“It is not a book with scientific facts and research,” states the author. “This book is about life and the struggles we face. It is also about the healing, hope, and possibilities that exist within us.” Some of the chapters included in this recipe for insight, and growth, are: “Self Acceptance”, “Rewiring the Brain”, “Personal Growth”, “Our body Connections”, “In the Moment’, and “Listening”. There are clear explanations of different issues that arise when we decide to stop running, or numbing, the pain of abuse, and a clear path on how to make it out of the valley of darkness and despair.

“Life is a series of events, choices, reactions, and growth. While one event can impact our future, it does not mean that it will control our future.” To take the step of acknowledging what has happened, can be terrifying, and the reality of not acknowledging what has happened, can fill one’s life with constant fear, anxiety, anger, and confusion. The author also speaks about healing the body, emotions and mind, by including body work, music, and affirmations. Some of the sections I found especially helpful were those that involved a guided relaxation exercise (body scan), how to calm one’s self, be mindful, and focus on the breath.

There is a lot of personal resonance with this book, and the author’s words. I have nine foster sisters that were all sexually abused in their biological families. Our adopted daughter experienced a variety of traumatic events with her birth family. I have written extensively about grief, loss, and trauma, and worked as a bereavement and trauma counselor with hospice, in hospitals, mental health facilities, prisons, and overseas with survivor’s of multiple traumas. Hope & Possibility Through Trauma, by Don Shetterly, is a welcome addition to the resources now available for those most in need of such sustenance, insight, and inspiration. Do not hesitate to get a copy for yourself or another.

It

imagesDon’t be “it”, witness “it”.

Whatever “it” may be.

Senses, emotions or thoughts.

Pay attention to the script.

Be the actor, director and producer.

Watch what our “selves” say about the story,

And what stories we are telling our “selves”.

We are not what we think, feel or sense, or are we?

S.E.E.I.T.

Everything happens so fast. In the blink of an eye, sensations, emotions and thoughts come and go. We usually remain unaware of these reactions to internal and external experiences, and remain as slaves to our conditioning from culture, family, and ourselves. To break these unconscious chains, we can learn to pause, look closely at what is happening and make choices. Psychologist (and holocaust survivor) Victor Frankl summed up our situation, and opportunity, when he said, “Between stimulus and response there is a space. In that space is our power to choose our response. In our response lie our growth and our freedom.”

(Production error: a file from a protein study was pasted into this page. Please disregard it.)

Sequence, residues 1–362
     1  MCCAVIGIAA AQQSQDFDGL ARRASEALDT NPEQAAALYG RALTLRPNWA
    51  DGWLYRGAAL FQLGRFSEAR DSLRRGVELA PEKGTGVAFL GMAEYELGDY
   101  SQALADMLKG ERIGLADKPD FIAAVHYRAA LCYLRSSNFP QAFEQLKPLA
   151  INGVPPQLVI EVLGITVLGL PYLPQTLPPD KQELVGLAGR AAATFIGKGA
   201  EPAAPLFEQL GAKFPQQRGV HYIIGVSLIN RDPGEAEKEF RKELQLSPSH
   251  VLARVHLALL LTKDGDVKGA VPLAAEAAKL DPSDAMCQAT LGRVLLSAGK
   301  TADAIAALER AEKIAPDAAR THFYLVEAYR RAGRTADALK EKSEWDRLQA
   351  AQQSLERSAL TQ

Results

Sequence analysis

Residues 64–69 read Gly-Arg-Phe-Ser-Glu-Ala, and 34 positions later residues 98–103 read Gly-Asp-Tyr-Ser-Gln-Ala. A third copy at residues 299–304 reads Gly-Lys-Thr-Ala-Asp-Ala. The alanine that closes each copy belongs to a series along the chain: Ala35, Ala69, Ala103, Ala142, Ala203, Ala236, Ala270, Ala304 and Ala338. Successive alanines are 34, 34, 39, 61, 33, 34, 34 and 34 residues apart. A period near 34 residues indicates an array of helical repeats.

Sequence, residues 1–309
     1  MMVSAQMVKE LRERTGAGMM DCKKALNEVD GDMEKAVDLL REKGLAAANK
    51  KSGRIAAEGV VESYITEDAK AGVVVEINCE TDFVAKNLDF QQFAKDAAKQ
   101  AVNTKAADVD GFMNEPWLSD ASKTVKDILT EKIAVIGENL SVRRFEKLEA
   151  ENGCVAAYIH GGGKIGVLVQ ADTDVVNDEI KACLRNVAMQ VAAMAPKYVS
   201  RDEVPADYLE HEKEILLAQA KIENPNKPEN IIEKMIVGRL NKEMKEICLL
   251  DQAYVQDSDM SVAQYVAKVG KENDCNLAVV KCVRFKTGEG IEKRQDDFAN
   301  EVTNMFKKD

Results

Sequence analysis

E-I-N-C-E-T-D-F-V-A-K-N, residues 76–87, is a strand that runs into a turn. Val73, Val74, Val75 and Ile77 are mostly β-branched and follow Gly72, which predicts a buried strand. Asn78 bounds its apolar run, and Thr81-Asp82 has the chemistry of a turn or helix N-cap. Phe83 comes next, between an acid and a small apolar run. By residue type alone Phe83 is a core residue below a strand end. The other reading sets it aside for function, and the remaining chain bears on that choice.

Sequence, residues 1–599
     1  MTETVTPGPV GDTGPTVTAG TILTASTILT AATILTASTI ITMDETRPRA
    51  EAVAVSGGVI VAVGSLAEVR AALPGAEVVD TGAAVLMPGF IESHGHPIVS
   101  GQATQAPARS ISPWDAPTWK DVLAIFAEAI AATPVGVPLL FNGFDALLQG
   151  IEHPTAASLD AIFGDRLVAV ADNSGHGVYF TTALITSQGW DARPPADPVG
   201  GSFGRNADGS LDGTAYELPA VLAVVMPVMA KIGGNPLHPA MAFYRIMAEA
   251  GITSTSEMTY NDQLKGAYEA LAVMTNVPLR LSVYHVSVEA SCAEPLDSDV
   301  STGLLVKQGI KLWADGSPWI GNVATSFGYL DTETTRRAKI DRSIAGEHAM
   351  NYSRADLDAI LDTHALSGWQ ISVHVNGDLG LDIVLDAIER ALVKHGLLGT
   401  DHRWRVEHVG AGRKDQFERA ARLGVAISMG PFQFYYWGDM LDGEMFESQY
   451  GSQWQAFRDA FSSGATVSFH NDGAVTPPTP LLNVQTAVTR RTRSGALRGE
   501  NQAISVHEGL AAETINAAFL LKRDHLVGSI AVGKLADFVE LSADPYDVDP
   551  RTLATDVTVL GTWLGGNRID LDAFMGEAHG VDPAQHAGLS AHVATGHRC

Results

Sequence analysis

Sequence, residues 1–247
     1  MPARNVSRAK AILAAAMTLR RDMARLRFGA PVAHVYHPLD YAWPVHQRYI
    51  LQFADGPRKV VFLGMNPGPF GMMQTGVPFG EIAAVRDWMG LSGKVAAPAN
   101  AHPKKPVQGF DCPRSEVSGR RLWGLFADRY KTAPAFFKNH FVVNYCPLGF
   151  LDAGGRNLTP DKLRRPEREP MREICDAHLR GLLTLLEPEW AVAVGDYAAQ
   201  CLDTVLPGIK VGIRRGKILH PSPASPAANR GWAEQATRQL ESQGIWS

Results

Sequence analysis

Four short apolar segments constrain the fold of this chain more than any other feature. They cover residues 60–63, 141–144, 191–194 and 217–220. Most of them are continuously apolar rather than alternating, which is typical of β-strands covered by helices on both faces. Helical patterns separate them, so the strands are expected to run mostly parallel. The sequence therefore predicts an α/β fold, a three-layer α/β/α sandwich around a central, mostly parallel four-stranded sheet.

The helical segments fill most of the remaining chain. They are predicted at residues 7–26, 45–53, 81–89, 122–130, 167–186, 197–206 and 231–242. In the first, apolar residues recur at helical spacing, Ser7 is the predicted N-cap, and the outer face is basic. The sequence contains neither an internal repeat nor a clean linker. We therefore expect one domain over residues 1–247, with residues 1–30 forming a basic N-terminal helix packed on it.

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Mindfulness meditation can be one of the ways to take that pause, that moment or breath, to stop and look at what is happening. But, what if what we witness, or observe, is overwhelming and/or jumping from one thing to another? What do we do when the sensations, emotions and/or thoughts are arising and passing, seemingly all at once, or in rapid secession?

One of the means that can be used to decipher, and simplify our experience is by naming or labeling what we see moment to moment. There are a number of aphorisms and techniques that are available for such practice. Here is one called S.E.E.I.T., which can define and refine our observation and understanding of what we are aware of.

S.E.E.I.T. encompasses everything and anything that may come into our consciousness or awareness. S stands for Senses. E is for Emotion. The second E denotes Emptiness. I is the letter for Intention. And T is our Thoughts.

Senses include all that can be felt, heard, tasted, smelled, spoken or seen.
Emotions are a spectrum including sadness, joy, grief, pain, laughter, anger.
Emptiness is when there are no emotions, thoughts, senses or intentions.
Intention arises as desire and/or wishes and motivations.
Thoughts can be seen as P.U.F.F. (Past, Unfolding, Fantasy or Future).

Each of these aspects of our mind, and our experience of living, can be separated further into more distinct categories, and labels for objects of our awareness, but S.E.E.I.T. more than suffices for beginning and experienced practice. It is a way to remember, a means to slow down, pause and see what is happening in our body moment by moment. It can assist our understanding that what is going on internally and externally is not who we are, but what we are experiencing in the present. It is a step towards not only creating “space” between stimulus and response, but also identifying what happens in that space and giving us insight and freedom to choose.